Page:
The Anointed aren’t big fans of free speech. Sure, they pay lip-service to the idea now and then, but when you watch them in action, it’s clear they don’t much like wide-open discussions and free-wheeling debates. You may recall, for example, what happened when Nina Teicholz, author of The Big Fat Surprise, was invited to be part of a nutrition panel at the National Food Policy Conference: members of the Center For Science in the Public Interest and the U.S. Dietary Guidelines Committee threatened to boycott unless she was disinvited … which she was.
I wrote at the time that the CSPI weenies were afraid Teicholz would kick their asses in a public debate. I still believe that’s part of the explanation, but recent events (which I’ll cover in later posts) got me thinking there’s more to it.
To explain, let’s start by quickly summarizing the Wisdom of Crowds concept: when ordinary people share their experiences, ideas and insights with each other, the right answers tend to eventually bubble up to the top. Notice that the Wisdom of Crowds doesn’t mean the majority is always correct, and it certainly doesn’t mean everyone’s ideas are good ideas. It simply means that when ideas and information are freely exchanged within that big ol’ crowd, the good ideas tend to take hold.
Freedom of speech and freedom of the press in the U.S. are based on a similar concept. The Founders believed in what’s often called the Marketplace of Ideas. Thomas Jefferson, for example, wrote that it’s safe to tolerate error of opinion where reason is left free to combat it. Fredrick Siebert put it quite nicely in Four Theories of The Press:
Let all with something to say be free to express themselves. The true and sound will survive. The false and unsound will be vanquished. Government should keep out of the battle and not weigh the odds in favor of one side or the other.
Notice what both the Wisdom of Crowds and the Marketplace of Ideas have in common? That’s right … they’re based on faith in ordinary people. Given access to lots of information and competing ideas, most people will come to the correct conclusion most of the time. So people who believe in the Wisdom of Crowds view the prospect of debate and discussion with an attitude of Bring it on! I’ll make my case, you make yours, and we’ll see who wins.
The Anointed, by contrast, view wide-open debate and discussion as a threat. Why? I used to think it’s because they know their Grand Plans are based on flimsy or non-existent evidence. As Thomas Sowell points out in both The Vision of The Anointed and Intellectuals and Society, The Anointed tend to fall in love with bold, new, exciting ideas. They don’t like waiting for solid evidence to support their bold, new, exciting ideas, and are quite adept at ignoring or dismissing evidence that their bold, new, exciting ideas are wrong. So I figured they’re hostile to debate out of simple fear someone will prove them wrong.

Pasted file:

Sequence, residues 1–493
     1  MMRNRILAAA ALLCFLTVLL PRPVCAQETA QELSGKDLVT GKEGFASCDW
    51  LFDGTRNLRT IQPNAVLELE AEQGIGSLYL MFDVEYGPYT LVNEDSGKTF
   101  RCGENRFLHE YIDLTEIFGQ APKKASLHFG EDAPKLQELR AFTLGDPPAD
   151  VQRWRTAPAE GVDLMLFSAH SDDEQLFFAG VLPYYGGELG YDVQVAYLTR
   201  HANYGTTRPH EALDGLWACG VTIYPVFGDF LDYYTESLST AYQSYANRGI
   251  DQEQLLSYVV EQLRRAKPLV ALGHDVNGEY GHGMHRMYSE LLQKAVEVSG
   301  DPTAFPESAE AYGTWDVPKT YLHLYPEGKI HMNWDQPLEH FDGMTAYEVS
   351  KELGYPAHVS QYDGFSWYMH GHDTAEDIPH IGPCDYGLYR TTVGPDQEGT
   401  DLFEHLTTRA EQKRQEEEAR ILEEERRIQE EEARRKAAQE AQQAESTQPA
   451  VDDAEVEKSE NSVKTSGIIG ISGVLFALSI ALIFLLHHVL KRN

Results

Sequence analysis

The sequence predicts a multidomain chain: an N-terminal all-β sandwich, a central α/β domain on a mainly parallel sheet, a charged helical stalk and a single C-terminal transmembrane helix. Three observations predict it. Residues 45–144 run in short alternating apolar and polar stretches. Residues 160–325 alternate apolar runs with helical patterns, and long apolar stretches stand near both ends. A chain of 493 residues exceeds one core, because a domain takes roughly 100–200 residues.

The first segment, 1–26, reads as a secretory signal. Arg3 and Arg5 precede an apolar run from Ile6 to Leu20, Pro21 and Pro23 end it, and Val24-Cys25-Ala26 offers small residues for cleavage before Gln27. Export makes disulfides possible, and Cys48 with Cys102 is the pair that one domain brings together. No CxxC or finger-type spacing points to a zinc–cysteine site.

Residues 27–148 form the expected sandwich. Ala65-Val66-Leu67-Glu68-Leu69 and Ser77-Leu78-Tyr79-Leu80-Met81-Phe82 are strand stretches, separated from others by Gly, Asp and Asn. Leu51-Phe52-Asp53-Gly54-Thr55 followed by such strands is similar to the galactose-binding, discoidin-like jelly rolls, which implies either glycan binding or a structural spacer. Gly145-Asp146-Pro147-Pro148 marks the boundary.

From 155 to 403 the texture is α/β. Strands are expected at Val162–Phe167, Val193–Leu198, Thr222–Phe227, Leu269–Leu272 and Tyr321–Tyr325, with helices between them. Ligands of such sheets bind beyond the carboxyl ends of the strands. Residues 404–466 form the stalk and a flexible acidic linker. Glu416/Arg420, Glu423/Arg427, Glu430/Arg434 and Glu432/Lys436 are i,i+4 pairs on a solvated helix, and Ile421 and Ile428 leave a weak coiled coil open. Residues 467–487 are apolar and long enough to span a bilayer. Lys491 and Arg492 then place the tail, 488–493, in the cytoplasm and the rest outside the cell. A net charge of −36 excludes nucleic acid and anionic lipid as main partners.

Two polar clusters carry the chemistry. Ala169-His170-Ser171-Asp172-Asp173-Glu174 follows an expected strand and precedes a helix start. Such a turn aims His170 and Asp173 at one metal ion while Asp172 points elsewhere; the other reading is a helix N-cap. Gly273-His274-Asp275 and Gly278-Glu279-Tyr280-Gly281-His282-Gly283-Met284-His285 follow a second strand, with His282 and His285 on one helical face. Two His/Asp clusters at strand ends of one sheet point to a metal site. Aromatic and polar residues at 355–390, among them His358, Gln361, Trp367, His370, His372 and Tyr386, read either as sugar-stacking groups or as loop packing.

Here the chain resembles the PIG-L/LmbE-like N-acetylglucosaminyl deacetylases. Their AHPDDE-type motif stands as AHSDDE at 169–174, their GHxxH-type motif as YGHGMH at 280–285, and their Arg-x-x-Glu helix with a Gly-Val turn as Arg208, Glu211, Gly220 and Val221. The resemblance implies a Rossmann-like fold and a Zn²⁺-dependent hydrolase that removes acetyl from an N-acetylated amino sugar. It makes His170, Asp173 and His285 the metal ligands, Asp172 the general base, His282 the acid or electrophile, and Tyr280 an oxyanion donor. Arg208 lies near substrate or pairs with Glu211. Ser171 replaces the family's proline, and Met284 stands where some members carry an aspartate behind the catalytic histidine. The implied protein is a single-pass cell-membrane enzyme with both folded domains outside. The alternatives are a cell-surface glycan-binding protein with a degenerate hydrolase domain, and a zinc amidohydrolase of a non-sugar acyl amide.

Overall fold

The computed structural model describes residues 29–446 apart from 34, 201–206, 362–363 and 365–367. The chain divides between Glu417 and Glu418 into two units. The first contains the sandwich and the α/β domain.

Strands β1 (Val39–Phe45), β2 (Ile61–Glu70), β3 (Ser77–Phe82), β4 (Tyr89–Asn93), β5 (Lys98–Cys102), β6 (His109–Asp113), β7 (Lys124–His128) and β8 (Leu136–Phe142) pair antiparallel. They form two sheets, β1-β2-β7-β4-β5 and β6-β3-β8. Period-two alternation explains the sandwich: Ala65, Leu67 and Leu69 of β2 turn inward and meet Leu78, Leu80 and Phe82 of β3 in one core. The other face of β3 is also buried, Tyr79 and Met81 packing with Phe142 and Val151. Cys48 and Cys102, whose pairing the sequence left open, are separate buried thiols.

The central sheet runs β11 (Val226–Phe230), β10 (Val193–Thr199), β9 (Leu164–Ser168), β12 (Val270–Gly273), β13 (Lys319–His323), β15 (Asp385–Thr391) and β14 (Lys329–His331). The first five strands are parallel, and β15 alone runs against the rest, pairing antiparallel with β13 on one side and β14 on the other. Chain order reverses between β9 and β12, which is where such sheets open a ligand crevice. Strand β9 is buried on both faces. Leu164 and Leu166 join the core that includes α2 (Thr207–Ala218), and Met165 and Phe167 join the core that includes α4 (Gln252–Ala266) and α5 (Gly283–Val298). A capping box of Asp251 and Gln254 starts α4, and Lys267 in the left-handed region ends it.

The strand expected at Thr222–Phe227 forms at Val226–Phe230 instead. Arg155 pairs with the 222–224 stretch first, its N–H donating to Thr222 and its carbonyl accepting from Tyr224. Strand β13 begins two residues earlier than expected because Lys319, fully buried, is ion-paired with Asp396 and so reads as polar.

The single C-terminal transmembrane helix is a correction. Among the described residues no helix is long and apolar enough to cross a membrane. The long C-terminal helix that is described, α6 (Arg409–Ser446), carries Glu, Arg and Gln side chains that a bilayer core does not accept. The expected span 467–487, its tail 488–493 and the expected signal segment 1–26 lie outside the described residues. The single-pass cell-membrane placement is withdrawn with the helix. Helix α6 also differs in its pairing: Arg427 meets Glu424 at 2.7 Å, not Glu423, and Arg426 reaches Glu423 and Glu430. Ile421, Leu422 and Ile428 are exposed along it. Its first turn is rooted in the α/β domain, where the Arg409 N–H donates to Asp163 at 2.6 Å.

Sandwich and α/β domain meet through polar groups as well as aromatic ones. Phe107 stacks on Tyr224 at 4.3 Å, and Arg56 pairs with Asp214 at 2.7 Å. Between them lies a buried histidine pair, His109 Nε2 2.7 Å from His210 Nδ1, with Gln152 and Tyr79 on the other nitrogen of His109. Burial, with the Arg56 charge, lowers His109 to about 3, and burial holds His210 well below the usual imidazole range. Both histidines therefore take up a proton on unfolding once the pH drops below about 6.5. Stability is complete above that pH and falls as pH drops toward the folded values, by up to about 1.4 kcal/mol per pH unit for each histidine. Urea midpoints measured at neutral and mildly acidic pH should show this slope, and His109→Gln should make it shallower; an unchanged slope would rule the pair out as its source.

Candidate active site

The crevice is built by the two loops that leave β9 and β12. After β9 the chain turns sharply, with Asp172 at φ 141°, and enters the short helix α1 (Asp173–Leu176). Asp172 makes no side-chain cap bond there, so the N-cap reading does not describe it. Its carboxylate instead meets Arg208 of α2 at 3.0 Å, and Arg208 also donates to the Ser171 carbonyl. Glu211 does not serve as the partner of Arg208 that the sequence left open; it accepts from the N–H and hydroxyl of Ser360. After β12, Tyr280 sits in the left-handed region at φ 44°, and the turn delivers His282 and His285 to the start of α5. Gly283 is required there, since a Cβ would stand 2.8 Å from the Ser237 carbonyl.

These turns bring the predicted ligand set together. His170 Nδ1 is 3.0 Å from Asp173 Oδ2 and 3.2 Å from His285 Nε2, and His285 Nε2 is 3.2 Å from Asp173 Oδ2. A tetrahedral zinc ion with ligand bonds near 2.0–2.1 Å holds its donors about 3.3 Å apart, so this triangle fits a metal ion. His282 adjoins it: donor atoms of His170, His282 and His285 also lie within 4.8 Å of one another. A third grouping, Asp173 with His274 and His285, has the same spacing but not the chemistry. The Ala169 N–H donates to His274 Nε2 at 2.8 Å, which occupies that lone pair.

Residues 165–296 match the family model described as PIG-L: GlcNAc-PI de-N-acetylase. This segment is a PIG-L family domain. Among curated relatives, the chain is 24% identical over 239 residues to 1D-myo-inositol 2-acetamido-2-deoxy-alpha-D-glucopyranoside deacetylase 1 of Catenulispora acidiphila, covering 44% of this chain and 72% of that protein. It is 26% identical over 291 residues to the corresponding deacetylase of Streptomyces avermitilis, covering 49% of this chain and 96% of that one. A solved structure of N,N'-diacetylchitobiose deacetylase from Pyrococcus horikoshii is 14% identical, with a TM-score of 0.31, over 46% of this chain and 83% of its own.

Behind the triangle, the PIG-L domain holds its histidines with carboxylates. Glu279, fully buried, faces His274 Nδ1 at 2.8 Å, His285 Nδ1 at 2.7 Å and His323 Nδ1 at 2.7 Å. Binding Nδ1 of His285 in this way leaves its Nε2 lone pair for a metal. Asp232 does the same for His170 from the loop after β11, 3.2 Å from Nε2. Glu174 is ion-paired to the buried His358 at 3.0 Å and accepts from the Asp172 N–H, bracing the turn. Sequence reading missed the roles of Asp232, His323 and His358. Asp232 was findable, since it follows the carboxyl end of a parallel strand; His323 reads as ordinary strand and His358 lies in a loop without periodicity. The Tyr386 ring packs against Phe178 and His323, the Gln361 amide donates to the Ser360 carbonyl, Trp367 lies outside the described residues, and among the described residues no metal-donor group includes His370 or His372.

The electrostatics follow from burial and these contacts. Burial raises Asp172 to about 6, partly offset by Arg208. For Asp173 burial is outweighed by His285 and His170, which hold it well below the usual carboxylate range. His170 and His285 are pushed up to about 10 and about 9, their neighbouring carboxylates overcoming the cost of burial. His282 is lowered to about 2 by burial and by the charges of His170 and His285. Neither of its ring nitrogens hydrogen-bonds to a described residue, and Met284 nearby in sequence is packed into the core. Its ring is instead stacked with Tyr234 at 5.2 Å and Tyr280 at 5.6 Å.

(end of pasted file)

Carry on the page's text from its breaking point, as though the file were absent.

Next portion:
But that doesn’t jibe with a fundamental trait of The Anointed: their extreme confidence in themselves and their ideas. So after noodling on it for awhile, I decided their hostility towards debate and discussion is rooted in two of their most dearly-held beliefs, which are:
1. They are very, very smart.
2. The rest of us aren’t very, very smart and are often quite stupid.
Therefore, The Anointed aren’t afraid they’ll be proven wrong – heck, they don’t believe it’s possible for them to be wrong. Rather, they’re afraid the rest of us are too stupid to discern how right they are. When we hear lots of contrary opinions, we (unlike The Anointed) don’t have the intelligence to weigh the evidence and come to the correct conclusions. So as far as The Anointed are concerned, an open debate is nothing more than an opportunity for the great unwashed masses with their inferior intellects to be led astray.
That’s why so many of them long for the good ol’ days when a relatively small number of information gatekeepers decided what most of us see and hear. That’s why so many of them are angry about the emergence of talk radio, social media, blogs, and other forms of what they derisively call the “pajamas media.” (I’m not wearing pajamas at the moment, in case you’re wondering.) The information gatekeepers have lost control of the gates, which means the Marketplace of Ideas is a vastly larger and more diverse marketplace than it once was.
That’s what allows the Wisdom of Crowds to flourish. But The Anointed don’t believe in the Wisdom of Crowds, so they consider all that debate and discussion a problem. We’ll look at how they (ahem) “solve” that problem in the next couple of posts.